The Grace name has been around in Australia since 1904, when two brothers, Albert Edward and Joseph Neal Grace, opened the first Grace Bros department store in Sydney. In 1911, the company bought a storage facility in the inner west and two horse-drawn vehicles to establish a small household removals business in addition to the expanding retail operations. Over 100 years later, Grace Removals (now simply Grace) boasts a fleet of over 500 vehicles and 60 branches across Australia, offering a broader range of specialty services. These include commercial relocations, records management, fine art services, storage solutions and more. (Grace/About Us)
Since 2004, when the Grace Bros department stores were bought by and rebranded as Myer, the Grace name seemed to fade. As United Yeah puts it, “the Australian collective memory of Grace became muddled and vague. Had it even been a real store, or was it just a dream?” These days, you might catch a glimpse of the red letters on a passing truck every now and then, but never hear from the company otherwise. To reintroduce the company as a “confident commercial powerhouse striding boldly into the future”, Grace appointed United Yeah to create a contemporary identity with which to face that future.
Grace’s nine divisions all had different ideas about what their updated identity should look like. We realised the Grace rebranding project was going to be about more than just updating a treasured Australian icon. We were going to have to unite it as well. […]
“Always more” is the culmination of months of intensive effort to distil the essence of Grace – from their humble beginnings to the future of their expanding service offering. It describes the richness of their history, the scope of their business, the reach of their services, the scale of their ambition, and their promise to customers. But most importantly, with a simple aspiration that the whole company can get behind, it describes a brand united as one.
The old logo borrowed the look of the defunct Grace Bros logo, retaining a Friz Quadrata-esque typeface and the red. It was thinner, and with those sharp, chiselled serifs it felt cold and unpleasant – it was as if the letters would start bleeding like on some horror movie poster. In application, the logo was usually the only design element, with very little support. It was certainly less confronting when rendered in white, as on the uniform above. Overall it was quite outdated, burdened with its history, and looking anachronistic. How it had endured, for years after the dissolution of the Grace Bros brand, is beyond me.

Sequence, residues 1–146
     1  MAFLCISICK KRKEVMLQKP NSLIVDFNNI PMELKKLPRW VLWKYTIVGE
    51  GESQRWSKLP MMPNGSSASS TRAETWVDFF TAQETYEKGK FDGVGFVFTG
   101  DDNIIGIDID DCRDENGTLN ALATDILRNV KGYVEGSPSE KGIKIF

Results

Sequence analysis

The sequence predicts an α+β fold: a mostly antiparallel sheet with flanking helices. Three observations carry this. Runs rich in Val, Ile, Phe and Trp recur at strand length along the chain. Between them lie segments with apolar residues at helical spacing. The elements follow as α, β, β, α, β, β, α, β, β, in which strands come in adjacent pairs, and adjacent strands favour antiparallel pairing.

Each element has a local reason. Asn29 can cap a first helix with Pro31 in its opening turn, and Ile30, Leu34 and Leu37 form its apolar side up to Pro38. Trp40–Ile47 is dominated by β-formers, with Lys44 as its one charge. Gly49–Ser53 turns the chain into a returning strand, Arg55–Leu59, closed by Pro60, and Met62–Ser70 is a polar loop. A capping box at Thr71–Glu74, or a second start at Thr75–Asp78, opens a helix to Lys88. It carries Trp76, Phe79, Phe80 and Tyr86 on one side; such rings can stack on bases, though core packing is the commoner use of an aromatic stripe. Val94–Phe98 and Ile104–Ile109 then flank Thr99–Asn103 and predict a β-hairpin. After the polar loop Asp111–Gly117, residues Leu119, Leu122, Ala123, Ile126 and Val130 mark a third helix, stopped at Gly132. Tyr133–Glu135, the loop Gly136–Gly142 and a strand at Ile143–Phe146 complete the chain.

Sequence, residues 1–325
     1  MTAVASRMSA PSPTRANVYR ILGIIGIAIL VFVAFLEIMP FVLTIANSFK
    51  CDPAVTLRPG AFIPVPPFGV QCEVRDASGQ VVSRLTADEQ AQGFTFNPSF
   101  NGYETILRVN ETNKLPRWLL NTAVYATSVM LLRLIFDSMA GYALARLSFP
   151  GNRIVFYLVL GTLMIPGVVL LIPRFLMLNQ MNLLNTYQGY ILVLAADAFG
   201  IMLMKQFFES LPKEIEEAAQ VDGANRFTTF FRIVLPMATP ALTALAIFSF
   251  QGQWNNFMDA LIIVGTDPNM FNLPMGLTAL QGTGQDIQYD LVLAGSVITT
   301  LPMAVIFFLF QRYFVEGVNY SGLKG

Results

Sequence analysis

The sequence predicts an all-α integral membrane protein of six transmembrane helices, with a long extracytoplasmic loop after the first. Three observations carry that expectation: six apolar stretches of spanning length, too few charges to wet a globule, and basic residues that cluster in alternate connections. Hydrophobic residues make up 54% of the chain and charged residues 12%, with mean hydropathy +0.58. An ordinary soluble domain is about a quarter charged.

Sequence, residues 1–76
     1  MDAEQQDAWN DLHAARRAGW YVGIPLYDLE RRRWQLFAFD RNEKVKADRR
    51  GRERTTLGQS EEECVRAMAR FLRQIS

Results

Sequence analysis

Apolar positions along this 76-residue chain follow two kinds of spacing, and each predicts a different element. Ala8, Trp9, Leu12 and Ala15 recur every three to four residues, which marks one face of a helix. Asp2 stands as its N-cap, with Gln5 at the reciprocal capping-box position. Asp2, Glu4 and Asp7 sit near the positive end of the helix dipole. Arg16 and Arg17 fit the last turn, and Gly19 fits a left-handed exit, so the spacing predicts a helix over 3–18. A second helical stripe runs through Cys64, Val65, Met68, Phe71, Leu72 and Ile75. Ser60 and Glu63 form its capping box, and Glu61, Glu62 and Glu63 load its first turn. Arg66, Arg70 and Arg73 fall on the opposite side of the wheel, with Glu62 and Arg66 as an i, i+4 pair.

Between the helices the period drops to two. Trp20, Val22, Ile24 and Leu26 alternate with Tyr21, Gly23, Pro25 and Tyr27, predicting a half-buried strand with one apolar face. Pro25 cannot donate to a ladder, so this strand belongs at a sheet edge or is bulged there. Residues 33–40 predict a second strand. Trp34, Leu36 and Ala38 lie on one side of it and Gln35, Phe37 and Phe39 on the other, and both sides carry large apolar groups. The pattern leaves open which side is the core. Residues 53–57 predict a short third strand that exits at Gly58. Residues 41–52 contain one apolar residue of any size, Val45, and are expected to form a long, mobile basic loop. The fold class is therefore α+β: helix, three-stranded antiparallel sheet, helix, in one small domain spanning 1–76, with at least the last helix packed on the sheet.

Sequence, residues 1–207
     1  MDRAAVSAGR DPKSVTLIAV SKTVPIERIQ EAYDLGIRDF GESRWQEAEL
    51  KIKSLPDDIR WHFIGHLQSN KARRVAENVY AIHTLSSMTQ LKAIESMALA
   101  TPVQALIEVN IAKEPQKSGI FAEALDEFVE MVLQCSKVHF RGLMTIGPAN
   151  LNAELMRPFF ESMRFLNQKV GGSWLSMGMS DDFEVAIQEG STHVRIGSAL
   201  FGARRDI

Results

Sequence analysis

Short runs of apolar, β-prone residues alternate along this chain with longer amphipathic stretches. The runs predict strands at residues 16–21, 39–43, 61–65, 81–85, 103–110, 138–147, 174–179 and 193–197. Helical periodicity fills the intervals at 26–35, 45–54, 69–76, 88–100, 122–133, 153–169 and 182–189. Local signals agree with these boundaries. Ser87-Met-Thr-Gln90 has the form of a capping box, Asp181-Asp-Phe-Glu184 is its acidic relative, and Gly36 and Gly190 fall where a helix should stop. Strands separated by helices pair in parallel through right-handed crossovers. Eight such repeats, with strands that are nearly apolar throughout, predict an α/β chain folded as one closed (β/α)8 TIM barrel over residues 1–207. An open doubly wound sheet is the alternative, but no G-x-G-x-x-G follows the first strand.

Watching home renovation segments on TV, I’ve noticed that designers tend to paint light walls dark and dark walls light for the sake of before-and-after impact for the viewers. It feels like a similar, one-extreme-to-the-other transformation for the Grace logo – from a thin, all-caps, serif typeface, United Yeah have arrived at a bold, all-lowercase sans-serif logo. Effra is the new typeface used throughout the identity, a design with grotesque characteristics mixed with soft humanist details, and it immediately lends a warmth that was severely lacking before.
Whenever I encounter text-only logos, I appreciate efforts to customise the characters in some way to differentiate the text from plain typesetting. Here, the letters remain intact, but the colon character has been modified; while the dots in Effra’s punctuation marks are square, the dots of this colon are round. I think it’s a good change because it feels friendlier than the original squares. The only issue that arises, and I may be nitpicking, is that when the logo appears next to the new slogan, “Always More.”, it reveals an inconsistency between the shapes of the colon and the full stop. Keeping the square full stop is fine for copy, but when in close proximity with the logo, it almost feels like a mistake.
I suppose the idea behind the colon is to suggest that something will follow, something will always follow. It speaks to the notion of “always more”, the idea that Grace goes above and beyond to meet your needs with its myriad service lines.
The round-dotted colon becomes a springboard for other identity elements, such as a grid of dots on the staff uniforms (which I think are the best part of the new look). It’s a nice, simple design that adds some snazziness and introduces cool hues to the historically red and grey palette. I’m not sure if there is a rationale behind the omission of some dots, but my impression is that they appear to be moving from one side to the other, symbolising relocation.
The grid of dots looks terrible on the brochure cover above, though, where it just appears to be a space filler that overwhelms the page.
Posters and ads feature the colon in a more abstract fashion, peeking through on one side of the layouts. I appreciate its boldness (in the “brave” sense), but I think its scale on the page is far too large, as it looks like it could swallow up the accompanying headlines. The layouts are otherwise safe in their execution.
Overall, the new identity is a definite improvement on the old look (well, anything would have been, really). It lends Grace a modern image that aligns with the high quality customer service it prides itself on, and brings the company gracefully into the 21st century.
Below: introduction to the new branding